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Патент USA US3066131

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United States Patent O?hce
replaced by a simple low-powered ?uid agitator. Also,
the amount of catalyst which is required is no more than
that which had been employed in the prior art Berg-type
Eugene C. Martin, Texas City, and Joseph F. Jennings,
Galveston, Tex., assignors,'by mcsne assignments, to
Standard Oil Company of Chicago, a corporation of
are predominately esters of ‘ low molecular weight fatty
acids, such as acetic or propionic acids.
This invention relates to the preparation‘ of polyvinyl
quently termed alcoholysis) of polyvinyl esters. More
ployed, ‘but ethanol, the propanols, .and the butanols may
amount of alkanol may range from 1 mol per equivalent
of ester to 15 mols, depending on the temperature; the
necessary requirement is that suf?cient alkanol be used
hydrolysis of polyvinyl acetate, employing a lower
alkanol such as methanol‘for the hydrolysisiand an alka
to provide a ?uid reaction mixture.
line catalyst such as guanidine carbonate. Existing com
Hydrolysis catalysts are of the alkaline type, and gen
erally are well known in the art. Alkali metal hydrox
ides such as sodium hydroxide or potassium hydroxide
may be employed, but it has been found that superior
process (U.S. 2‘,227,99‘7;'Can’_. 395,216; G.B. 512,001),
which involves forming a plastic or doughy mass from a
polyvinyl ester such as polyvinyl acetate and an‘alkanol,
control has been achieved when the catalyst is a'weakly
and mechanically kneading the mass until the desired'hy
basic alcohol-soluble catalyst such as sodium methoxide
drolysis takes place. This procedure, while in common
use, suffers the important disadvantages of yielding
an inhomogeneous and non-uniform product (US:
2,605,259). Recently, attempts have been’ made to con
trol‘ the hydrolysis by employing various" amounts of
water (e.g. US; 2,109,883’; US. 2,227,997; US.
2,341,398; B.P. 563,991). The most recent develop
15 be substituted in whole or in part for methanol.
Polyvinyl alcohol is," conventionally prepared by the
rne’rcial operations are largely centered around the Berg
The lowerv alkanols are low molecular weight saturated
alcohols preferably having from about 1 to’ 4 carbon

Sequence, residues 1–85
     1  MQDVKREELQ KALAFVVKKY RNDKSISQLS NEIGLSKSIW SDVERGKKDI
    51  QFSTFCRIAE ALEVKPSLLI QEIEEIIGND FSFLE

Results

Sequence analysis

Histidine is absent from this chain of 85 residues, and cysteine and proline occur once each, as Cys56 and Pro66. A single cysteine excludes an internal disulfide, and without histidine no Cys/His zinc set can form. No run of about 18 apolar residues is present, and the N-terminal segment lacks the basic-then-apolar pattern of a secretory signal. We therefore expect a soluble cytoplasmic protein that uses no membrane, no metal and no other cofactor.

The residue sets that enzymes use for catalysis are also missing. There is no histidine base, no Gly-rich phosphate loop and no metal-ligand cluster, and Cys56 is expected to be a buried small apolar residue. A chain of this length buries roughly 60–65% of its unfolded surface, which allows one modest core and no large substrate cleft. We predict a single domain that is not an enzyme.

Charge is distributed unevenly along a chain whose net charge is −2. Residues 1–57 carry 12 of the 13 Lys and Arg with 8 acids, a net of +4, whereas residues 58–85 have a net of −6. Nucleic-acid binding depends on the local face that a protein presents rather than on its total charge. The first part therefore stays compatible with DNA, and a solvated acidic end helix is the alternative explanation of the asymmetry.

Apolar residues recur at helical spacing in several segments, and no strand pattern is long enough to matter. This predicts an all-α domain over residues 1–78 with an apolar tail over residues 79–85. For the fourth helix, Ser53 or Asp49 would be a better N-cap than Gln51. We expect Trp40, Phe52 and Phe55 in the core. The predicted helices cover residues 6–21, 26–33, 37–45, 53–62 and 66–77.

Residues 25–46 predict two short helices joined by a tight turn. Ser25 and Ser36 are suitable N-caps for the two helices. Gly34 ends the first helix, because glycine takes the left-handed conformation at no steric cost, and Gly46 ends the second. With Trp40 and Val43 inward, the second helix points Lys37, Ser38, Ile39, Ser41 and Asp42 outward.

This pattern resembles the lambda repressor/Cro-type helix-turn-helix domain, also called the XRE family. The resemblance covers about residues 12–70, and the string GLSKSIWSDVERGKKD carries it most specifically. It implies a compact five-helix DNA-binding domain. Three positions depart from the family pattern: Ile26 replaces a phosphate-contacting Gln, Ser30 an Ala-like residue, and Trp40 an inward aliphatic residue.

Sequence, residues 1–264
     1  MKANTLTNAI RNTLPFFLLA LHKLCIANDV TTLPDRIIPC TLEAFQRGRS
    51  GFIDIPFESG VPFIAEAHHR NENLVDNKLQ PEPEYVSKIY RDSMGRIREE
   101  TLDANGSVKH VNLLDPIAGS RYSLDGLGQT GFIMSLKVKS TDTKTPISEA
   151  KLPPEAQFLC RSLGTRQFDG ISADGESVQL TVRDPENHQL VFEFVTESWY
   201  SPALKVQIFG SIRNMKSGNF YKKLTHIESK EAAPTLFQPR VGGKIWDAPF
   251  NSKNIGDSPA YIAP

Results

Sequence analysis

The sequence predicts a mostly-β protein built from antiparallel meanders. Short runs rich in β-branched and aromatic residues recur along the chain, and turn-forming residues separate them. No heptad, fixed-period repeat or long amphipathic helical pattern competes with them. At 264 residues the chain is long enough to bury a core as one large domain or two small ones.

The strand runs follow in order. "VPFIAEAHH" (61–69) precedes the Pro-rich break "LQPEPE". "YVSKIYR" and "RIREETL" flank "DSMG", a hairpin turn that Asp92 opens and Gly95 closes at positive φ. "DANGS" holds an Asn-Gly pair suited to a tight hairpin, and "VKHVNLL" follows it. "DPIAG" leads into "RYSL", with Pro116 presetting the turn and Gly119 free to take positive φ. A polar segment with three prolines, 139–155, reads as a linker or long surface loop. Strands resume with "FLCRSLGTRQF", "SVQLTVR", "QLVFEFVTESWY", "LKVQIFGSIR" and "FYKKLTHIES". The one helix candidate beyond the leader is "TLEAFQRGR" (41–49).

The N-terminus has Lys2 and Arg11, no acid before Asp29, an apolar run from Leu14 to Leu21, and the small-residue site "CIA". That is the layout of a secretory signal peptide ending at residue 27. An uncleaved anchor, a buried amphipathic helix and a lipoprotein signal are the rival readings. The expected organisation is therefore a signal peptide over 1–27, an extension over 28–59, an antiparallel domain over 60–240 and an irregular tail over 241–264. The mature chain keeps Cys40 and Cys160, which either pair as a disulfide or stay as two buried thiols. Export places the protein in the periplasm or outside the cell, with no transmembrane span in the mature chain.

atoms‘per molecule. Methanol is most commonly em;
alcohol by ‘the hydrolysis'tmore accurately but les's'frc
polyvinyl acetate is most important, as vinyl acetate
monomer is readily prepared by reacting acetic acid with
8 Claims. (Cl.'260i-—91.3)
particularly, the invention provides a'novel process for
preparing exceptionally homogeneous‘ polyvinyl alcohol
The polyvinyl esters which may be employed herewith
N0 Drawing. , Filed July 3, 1959, Ser. No. $24,780
Patented Nov. 27, 1962
or po'tassium‘metho'xide. Perhaps the most suitable cata
lyst is guanidine carbonate.
It has’ been discovered that the amount of catalyst
which is‘ used exerts an important effect on the extent of
hydrolysis; increasing the catalyst concentration increases
the degree of hydrolysis. The amount of catalyst may
range from 0.001 to 0.3 part by weight per part of poly
ment (US. 2,640,816) employs from 12 to 20 weight per
vinyl ester.
Reaction conditions for the hydrolysis reaction are not
cent water during the reaction, and while control is some;
what improved, the'pateritee discloses that “the presence
of these large amounts of water makes it necessary to
critical, and may be carried out over a wide range of
temperatures, e.g. from about 10° C. to 60° C., more de
use larger amounts of catalyst.” Unfortunately, as
si'ra‘bly between 10° C. and 40° C., optimally between
about 20° C. and 30° C. During the reaction, agitation
of the mixture by such means as rotary stirrers or re
circulating pumps‘ is desirable.
“ Accordingly, a‘ primary object of the present invention 40
After commencement of the hydrolysis reaction, the
is to provide a procedure for the controlled hydrolysis
reaction mixture slowly increases in viscosity over a
of polyvinyl esters to polyvinyl alcohols which permits
period of 10-200 minutes. After a period of time, de
pointed out in U.S., 2,109,883, large amounts of catalyst
complicate the ?nal puri?cation of polyvinyl ester-alcohol
precise and reproducible operation‘ of the process with
out involving the need for excess catalyst. A‘ further